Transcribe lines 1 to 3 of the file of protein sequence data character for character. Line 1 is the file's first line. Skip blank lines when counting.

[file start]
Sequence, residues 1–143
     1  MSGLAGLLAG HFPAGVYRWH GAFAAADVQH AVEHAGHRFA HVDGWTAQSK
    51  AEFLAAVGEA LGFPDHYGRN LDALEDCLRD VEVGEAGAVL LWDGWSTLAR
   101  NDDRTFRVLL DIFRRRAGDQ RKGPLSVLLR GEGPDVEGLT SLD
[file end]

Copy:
Sequence, residues 1–143
     1  MSGLAGLLAG HFPAGVYRWH GAFAAADVQH AVEHAGHRFA HVDGWTAQSK
    51  AEFLAAVGEA LGFPDHYGRN LDALEDCLRD VEVGEAGAVL LWDGWSTLAR